Any change can put pressure on the business operations. If we look at digital transformation of a business, for example, - or rapid growth over a short period of time - the change can add stress to systems. There are a lot of businesses in our client base who have had to invest in new systems because their businesses have grown significantly and they have had to keep pace with that growth. Sometimes people are so busy with running the business that they don’t see systems are under strain and that can cause issues later.
If you are looking at an audit commercially and are questioning those internal processes, you should be able to identify something that doesn’t add up. You should also identify deficiencies in the system and suggest areas where they could improve.
The role of the auditor
There is a real responsibility on an auditor to challenge management. They need to say to a business owner that, while they have assumptions about their business processes, let’s hold a mirror up to them and reflect on whether those assumptions are right and whether their systems are fit for purpose in the context of your business strategy for the future.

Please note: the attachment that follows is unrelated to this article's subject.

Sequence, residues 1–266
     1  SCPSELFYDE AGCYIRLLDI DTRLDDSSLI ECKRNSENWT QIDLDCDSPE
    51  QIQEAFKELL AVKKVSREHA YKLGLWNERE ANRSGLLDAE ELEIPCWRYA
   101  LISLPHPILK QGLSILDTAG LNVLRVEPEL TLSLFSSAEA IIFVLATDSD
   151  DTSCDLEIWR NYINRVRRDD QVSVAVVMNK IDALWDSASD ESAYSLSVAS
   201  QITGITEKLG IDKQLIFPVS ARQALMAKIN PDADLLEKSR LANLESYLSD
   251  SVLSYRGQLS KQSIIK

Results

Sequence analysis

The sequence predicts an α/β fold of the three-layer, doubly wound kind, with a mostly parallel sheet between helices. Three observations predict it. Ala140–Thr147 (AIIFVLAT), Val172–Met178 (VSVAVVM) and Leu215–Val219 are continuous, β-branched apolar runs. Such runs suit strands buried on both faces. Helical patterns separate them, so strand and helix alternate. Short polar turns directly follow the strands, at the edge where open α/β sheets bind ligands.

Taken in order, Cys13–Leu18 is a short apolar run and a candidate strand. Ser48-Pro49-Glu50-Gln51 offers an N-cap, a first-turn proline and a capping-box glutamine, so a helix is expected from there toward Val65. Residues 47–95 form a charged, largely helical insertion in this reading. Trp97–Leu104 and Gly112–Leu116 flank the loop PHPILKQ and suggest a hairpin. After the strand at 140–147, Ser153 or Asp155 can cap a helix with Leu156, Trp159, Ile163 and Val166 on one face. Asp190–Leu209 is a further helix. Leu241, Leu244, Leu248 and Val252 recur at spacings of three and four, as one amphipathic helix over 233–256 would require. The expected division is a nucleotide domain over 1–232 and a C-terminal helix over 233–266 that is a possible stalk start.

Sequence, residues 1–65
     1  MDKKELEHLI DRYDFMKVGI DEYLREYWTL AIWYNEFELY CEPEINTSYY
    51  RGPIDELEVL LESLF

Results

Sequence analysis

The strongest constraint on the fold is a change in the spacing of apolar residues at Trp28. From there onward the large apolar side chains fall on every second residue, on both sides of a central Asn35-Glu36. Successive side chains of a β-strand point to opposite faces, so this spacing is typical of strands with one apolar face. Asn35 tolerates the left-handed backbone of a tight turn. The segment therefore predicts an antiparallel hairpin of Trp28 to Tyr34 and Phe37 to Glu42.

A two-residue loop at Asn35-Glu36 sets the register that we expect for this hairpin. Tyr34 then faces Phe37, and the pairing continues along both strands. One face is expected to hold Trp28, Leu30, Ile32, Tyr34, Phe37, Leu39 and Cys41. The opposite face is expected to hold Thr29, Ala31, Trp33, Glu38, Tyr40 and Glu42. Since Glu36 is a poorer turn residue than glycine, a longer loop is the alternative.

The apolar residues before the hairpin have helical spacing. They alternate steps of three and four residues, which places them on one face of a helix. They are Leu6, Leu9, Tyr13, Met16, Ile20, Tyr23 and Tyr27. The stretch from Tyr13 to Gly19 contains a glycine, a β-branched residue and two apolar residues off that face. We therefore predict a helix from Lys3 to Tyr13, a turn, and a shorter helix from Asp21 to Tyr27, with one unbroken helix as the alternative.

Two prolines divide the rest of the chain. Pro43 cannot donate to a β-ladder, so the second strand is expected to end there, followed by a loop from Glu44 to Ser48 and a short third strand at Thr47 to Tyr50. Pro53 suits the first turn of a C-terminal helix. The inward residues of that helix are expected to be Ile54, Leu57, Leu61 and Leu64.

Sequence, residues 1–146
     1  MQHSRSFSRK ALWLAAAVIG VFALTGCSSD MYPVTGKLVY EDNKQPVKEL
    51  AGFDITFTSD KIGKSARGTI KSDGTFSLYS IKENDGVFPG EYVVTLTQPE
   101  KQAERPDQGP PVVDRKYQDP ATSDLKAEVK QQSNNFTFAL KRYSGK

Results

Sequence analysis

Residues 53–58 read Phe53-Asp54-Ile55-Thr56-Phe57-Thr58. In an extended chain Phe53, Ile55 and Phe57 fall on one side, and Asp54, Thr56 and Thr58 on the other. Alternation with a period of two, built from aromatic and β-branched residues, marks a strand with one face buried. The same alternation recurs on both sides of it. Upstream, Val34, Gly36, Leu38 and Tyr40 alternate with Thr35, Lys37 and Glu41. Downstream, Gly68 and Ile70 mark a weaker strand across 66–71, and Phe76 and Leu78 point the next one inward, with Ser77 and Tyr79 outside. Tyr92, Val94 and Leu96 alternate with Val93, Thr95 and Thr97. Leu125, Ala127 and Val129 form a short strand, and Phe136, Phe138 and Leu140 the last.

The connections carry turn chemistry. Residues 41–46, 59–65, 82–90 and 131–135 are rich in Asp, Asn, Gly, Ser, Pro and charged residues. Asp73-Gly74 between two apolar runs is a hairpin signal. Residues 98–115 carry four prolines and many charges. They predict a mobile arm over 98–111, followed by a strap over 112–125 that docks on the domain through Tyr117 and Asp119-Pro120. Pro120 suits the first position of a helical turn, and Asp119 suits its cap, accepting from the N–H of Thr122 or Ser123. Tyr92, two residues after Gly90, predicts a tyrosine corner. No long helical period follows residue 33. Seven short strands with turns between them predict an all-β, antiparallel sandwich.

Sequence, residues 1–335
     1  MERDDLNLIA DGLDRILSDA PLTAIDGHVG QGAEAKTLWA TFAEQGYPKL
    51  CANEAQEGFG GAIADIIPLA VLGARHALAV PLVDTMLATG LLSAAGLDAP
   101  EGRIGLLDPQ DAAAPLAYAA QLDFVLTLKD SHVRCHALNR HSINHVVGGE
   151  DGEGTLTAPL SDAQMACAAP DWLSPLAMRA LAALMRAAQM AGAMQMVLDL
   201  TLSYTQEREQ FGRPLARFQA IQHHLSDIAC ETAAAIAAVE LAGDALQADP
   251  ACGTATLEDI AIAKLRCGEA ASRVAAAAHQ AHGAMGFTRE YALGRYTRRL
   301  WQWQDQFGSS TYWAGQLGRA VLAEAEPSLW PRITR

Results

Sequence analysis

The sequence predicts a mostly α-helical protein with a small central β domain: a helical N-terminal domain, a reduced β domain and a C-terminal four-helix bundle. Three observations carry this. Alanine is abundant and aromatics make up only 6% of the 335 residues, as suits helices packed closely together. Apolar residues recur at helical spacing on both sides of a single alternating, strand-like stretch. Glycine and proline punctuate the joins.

It is clear that an audit is an invaluable tool helping you as an owner to manage commercial risk because it should highlight issues and opportunities for improvement. We are now looking at using data analytics on our clients’ financial information. That technology will enable us to present financial information to clients in ways they don’t usually see, which can only help them get an alternative perspective on their business.